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How to limit Mom's Fondness for Sweets
Dave Cahail
Posted: Thursday, August 22, 2019 10:02 AM
Joined: 6/24/2018
Posts: 41

I am curious how to limit my mother's fondness for sweets as she progresses with her vascular dementia.
She has been going to the dentist each month to have fillings replaced and some new cavities addressed. Just this past Tuesday, I had to take her back to the dentist as she was complaining of a tooth ache in a tooth that her dentist was already treating. Now she has to have that tooth pulled as it is too far gone. After her dentist appt, she wanted to pick up some items so I took her to Rite Aid. While I focused her on basic needs (birthday card, craft items, etc.) she also wanted some snacks. I tried to direct her to purchasing nuts, popcorn and more healthy items, but she still insisted on getting gummy bears and some sour patch candies (which I reminded her she doesn't like). I think she thinks she is going to hand out candy to the MC staff and other residents. 

She has also recently gained a few pounds (she has been morbidly obese for years) and the staff has encouraged me to try to get her to buy more healthy snacks. 

I am trying to limit how much shopping she does and where she shops to help with this but it is still a struggle. I am sure aging as well as the VD contribute to her desire for sweets.

Any suggestions are appreciated. 

Posted: Thursday, August 22, 2019 10:21 AM
Joined: 7/12/2017
Posts: 1607

Sugar free?  At this point I wouldn't care about the "chemical" sugar free stuff.  If she says oh no not sugar free, switch out the wrappings.  You won't be able to get rid of the cravings
Posted: Thursday, August 22, 2019 10:46 AM
Joined: 4/4/2018
Posts: 166

My advice is to accept that you cannot be a "food cop".  Encourage healthy snacks, but give her some control.  My sister died of lung cancer, but what she wanted most her last few weeks in hospice were cigarettes.  For her what difference did they make, so I bought them.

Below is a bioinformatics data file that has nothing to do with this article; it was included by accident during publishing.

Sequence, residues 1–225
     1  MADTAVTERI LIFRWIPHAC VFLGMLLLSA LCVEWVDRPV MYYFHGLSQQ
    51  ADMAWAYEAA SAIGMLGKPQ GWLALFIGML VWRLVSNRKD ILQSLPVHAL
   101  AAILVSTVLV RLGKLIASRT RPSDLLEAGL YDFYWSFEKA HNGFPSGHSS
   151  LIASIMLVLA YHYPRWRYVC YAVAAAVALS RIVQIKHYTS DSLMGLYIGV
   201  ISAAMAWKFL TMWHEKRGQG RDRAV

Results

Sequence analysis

If your mother has been obese for many years, she is unlikely to have much difference in her health by changing to healthy snacks now.   One of life's hardest challenges is to gracefully accept that there are things you cannot change.  

Posted: Thursday, August 22, 2019 10:56 AM
Joined: 6/16/2019
Posts: 30

We have added bananas and watermelon to the diet and that has cut down a wee bit on the cookie and candy consumption. 


Posted: Thursday, August 22, 2019 11:19 AM
Joined: 12/26/2018
Posts: 22

My Mom is in memory care and likes sweets as well.  I have read that it is a phase of the process (I've been told that she has VD/AD).  I've embraced her liking of sweets as something I can actually get her that makes her happy --albeit fleeting happiness.  I stock up a candy dish in her room and put some liked butterscotch hard candies in her purse when I visit.  My Mom doesn't realize that she is staying in this facility -- that part of her brain is gone-- but I know that she can occasionally have a piece of candy when she is in her room.  I am not worried about her health in this regard; I figure that we're already in the trajectory of a fatal illness, and her quality of life is already severely impaired.  Also, it's possible that whoever visits her room (there are wanderers) can have a piece of candy, so I feel like I can add a tiny bit of brightness to that person's day as well.  My Mom is mobile and not overweight at this point -- I also relate to the candy as a way to get some additional calories in when she may not be eating a meal.